Wednesday 20 June 2012

Obscurity in literary modernism


I bought (at a bargain price!) a copy of Charles William's play Thomas Cranmer of Canterbury (1936) and have been reading it - or rather, trying to read it because I have no idea what is going on...

Deliberate obscurity entered literature with the 'modernist' movement - and of course has been rampant in the highbrow arts for about a century.

What I object to is when people are not trying to be comprehensible: I accept fully that this is not the priority (beauty is the priority - yet of course much modern art and literature is a) not trying to be beautiful, b) subverting beatury and c) creating ugliness... another story) - but art, poetry, literature, music wthout comprehension is a limited thing. Humanity cannot, should not, take much of it.


What motivates poets, artists, musicians to be incomprehensible? - well, let's say it is not a Good motivation. Comprehensibility is not Good, but incomprehesibility is indeed not-Good.

Although there may be reasons for it.

This blog, for example, is encoded - necessarily so, or it could not be published at all. Yet that is a bad thing about it, certainly it is bad.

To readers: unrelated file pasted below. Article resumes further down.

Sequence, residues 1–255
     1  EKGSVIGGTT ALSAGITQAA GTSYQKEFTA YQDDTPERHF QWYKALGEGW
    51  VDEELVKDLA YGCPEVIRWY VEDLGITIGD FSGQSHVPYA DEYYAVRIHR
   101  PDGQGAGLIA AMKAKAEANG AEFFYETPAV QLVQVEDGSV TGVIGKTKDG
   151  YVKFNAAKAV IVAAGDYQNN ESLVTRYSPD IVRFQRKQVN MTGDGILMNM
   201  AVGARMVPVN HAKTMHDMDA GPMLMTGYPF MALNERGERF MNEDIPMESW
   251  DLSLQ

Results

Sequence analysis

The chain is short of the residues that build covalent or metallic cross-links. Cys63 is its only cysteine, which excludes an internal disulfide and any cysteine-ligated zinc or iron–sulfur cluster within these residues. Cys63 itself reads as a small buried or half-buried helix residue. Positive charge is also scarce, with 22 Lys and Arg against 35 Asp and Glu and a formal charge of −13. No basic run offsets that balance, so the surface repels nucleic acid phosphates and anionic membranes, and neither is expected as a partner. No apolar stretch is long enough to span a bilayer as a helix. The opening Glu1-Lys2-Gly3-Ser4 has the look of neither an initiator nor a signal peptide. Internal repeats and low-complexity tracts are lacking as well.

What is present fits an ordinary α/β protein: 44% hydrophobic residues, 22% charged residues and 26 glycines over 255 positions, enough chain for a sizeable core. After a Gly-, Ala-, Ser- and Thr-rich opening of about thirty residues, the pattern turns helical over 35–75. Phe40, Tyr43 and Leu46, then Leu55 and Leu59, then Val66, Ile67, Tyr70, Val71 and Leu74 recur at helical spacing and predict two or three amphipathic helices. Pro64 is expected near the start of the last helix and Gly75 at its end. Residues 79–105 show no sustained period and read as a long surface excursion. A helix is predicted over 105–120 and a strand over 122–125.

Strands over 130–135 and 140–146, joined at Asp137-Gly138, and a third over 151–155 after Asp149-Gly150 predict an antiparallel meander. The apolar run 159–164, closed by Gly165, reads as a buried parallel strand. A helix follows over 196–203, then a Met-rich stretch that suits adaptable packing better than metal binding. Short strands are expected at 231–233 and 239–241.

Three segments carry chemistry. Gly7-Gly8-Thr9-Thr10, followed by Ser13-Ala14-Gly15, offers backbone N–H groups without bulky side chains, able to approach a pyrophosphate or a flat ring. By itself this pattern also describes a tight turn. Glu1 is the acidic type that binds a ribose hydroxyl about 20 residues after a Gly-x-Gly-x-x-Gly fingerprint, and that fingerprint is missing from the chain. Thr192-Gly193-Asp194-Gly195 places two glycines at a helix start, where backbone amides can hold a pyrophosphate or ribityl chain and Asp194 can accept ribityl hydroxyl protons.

Anyway, Williams often cites Cranmer's words: Cranmer was maker of The Book of Common Prayer which for several hundred years was used by all the Anglican communion.

Cranmer is one of the greatest of poets, though his work is woven among the words from the Authorized (King James) Bible: he is as comprehensible as may be in unity with beauty and truth.

Perhaps we are not all aware of his work?

Here is the BCP Sanctus:

Priest.  Lift up your hearts.

Answer.  We lift them up unto the Lord.

Priest.  Let us give thanks unto our Lord God.

Answer.  It is meet and right so to do.

Priest.  It is very meet, right, and our bounden duty, that we should at all times, and in all places, give thanks unto thee, O Lord, Holy Father, Almighty, Everlasting God.

Therefore with Angels and Archangels, and with all the company of heaven, we laud and magnify thy glorious Name; evermore praising thee, and saying:

All.  Holy, holy, holy, Lord God of hosts, heaven and earth are full of thy glory: Glory be to thee, O Lord most High. Amen.


It is my inestimable privilege to hear and speak these words on a weekly basis during Holy Communion.


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